Jason Goldman, an attorney representing the chamber, said his organization has "strong concerns with the bill as currently drafted."

Unless rewritten, the measure would harm the interactive advertising industry (responsible for $300 billion in economic activity last year, according to the IAB) , Goldman said. "The chamber has serious concerns about private right of action" as well, he added, referring to the portion of the bill that allows anyone to file lawsuits for actual damages of up to $1,000 and punitive damages with no set limit.

For his part, Rush signaled that he was opening to amending a few portions of his bill. But he also said that "I'm also determined that we need to move forward" and avoid any "unnecessary delay."

While the future of the legislation is anything but certain, it's already exposing a fault line between business representatives and liberal advocacy groups that has been mostly dormant in the last few years. Recently, instead of sparring with one another, groups including the ACLU, the Center for Democracy and Technology, and Consumer Action joined with AT&T, Google, Microsoft and others to create a coalition supporting limits on police surveillance.

Now some of these same advocacy groups are lobbying for--or at least saying kind things about--legislation opposed by the Internet industry. CDT President Leslie Harris called it an "essential" building block "for a modern and flexible consumer privacy law," while Ed Mierzwinski of U.S. PIRG--an advocacy group founded by Ralph Nader--believes the Rush bill doesn't go far enough.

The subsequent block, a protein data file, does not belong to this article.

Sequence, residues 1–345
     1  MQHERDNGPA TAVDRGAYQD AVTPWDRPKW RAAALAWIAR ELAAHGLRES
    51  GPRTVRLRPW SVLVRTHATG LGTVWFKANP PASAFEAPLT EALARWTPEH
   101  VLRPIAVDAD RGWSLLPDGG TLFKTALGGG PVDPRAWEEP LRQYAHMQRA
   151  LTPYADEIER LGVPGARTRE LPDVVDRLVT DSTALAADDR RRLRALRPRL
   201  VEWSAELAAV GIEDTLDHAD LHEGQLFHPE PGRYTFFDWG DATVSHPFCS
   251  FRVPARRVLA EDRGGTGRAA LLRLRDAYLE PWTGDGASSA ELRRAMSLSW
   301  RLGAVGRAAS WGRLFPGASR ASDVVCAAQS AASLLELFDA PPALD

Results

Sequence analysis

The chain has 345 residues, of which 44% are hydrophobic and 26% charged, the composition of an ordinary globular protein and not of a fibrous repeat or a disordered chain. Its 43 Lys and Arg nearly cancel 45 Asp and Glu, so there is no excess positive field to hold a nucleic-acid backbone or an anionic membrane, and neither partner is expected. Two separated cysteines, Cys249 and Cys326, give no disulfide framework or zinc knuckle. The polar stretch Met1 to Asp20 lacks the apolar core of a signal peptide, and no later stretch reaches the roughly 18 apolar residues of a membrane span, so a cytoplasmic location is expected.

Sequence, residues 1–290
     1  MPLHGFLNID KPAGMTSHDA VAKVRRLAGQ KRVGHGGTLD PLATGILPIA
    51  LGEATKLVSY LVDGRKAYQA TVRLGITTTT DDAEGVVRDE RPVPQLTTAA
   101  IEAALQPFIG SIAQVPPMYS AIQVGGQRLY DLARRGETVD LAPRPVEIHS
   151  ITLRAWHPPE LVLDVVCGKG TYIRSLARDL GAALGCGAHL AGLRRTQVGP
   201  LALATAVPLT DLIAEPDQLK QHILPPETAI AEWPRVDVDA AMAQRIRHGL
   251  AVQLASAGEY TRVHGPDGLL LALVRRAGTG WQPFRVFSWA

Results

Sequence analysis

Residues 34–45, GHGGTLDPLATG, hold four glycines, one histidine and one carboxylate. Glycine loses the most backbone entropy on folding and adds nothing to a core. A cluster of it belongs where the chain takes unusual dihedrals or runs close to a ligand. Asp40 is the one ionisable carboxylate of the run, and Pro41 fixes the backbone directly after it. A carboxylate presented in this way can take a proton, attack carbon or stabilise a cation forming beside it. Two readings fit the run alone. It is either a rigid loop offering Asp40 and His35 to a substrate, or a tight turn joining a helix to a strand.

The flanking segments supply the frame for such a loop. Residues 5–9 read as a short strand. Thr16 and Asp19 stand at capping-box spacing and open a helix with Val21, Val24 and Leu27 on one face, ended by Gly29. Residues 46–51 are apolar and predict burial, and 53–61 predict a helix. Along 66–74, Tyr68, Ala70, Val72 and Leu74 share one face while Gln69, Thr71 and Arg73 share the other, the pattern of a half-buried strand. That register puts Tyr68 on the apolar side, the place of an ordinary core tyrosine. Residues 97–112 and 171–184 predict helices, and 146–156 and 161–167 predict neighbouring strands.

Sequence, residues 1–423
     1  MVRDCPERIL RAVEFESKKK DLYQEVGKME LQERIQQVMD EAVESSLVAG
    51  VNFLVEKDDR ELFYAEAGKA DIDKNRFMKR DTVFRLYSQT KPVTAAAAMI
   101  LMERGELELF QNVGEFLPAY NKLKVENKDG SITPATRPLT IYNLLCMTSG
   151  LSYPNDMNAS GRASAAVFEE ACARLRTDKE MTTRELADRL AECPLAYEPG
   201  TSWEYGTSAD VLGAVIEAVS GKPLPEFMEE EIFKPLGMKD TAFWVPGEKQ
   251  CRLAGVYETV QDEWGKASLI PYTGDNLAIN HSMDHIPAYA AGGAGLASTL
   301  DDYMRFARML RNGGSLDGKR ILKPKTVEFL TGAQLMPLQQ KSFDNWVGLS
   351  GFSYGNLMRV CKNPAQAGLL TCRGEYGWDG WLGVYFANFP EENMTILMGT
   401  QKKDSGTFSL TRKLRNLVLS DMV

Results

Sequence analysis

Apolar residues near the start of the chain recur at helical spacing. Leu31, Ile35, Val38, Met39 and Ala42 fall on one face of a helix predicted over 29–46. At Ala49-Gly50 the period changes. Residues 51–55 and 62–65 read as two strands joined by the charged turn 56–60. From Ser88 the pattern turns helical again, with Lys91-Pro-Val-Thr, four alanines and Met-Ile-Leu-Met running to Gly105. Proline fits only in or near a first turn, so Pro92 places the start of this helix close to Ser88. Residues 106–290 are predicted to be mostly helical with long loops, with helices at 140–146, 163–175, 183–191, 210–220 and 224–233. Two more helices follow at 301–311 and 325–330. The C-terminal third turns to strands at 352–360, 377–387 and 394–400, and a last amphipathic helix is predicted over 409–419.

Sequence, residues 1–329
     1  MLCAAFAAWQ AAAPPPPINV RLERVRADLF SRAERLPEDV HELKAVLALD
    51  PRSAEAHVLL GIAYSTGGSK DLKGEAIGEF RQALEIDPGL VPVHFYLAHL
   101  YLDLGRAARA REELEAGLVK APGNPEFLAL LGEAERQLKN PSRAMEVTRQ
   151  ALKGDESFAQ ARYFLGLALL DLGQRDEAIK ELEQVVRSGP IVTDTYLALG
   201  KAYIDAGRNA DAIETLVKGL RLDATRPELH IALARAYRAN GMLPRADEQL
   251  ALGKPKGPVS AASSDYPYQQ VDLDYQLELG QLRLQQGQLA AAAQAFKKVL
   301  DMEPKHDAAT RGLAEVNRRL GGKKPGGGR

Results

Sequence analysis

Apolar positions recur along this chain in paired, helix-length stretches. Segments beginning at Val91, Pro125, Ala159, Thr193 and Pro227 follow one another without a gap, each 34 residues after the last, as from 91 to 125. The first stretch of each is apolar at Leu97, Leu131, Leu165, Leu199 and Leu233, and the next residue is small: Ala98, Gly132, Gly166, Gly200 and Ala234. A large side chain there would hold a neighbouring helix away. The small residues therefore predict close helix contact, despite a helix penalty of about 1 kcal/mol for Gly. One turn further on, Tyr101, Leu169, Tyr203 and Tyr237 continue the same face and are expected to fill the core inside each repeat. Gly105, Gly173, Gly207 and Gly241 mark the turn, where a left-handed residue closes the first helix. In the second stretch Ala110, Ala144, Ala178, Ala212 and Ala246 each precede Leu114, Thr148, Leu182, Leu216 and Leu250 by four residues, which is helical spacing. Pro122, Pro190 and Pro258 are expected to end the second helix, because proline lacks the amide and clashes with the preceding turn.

Like Net neutrality, this could devolve into a partisan spat. Kentucky Rep. Ed Whitfield, the panel's senior Republican, said that by acting hastily, Congress could force businesses "to abandon or severely curtail legitimate practices that benefit consumers." In addition, he said, "we have to be very careful about the latitude we give the FTC in this area."

The Rush bill isn't the only proposal before Congress at the moment. Rep. Rick Boucher, a Virginia Democrat locked in a contested reelection bid in a conservative district, announced his own so-called privacy discussion draft in May.

As soon as Boucher's proposal became public the reaction was surprisingly uniform: everyone hated it. Liberal special interest groups announced they were "disappointed" that Boucher didn't slap even more regulations on Internet businesses. Free-market think tanks panned it for going too far. And industry groups said it was far too broad as currently drafted.

In some ways, the new Rush bill is narrower. It treats "sensitive" information including race, religion, and ethnicity as different from standard personal information. It generally keeps opt-out as a default. It lifts the number of records required to trigger the regulations from 5,000 to 15,000. It holds out the possibility of an FTC-approved safe harbor for some businesses that self-regulate.

On the other hand, Rush hopes to mandate new "physical safeguards" that apply to anyone holding 15,000 or more records, encourage civil litigation over possible violations, and impose new regulations such as saying business "shall retain such data only as long as necessary to fulfill a legitimate business purpose or comply with a legal requirement."

Rush's legislation is called the Building Effective Strategies To Promote Responsibility Accountability Choice Transparency Innovation Consumer Expectations and Safeguards Act, or Best Practices Act of 2010.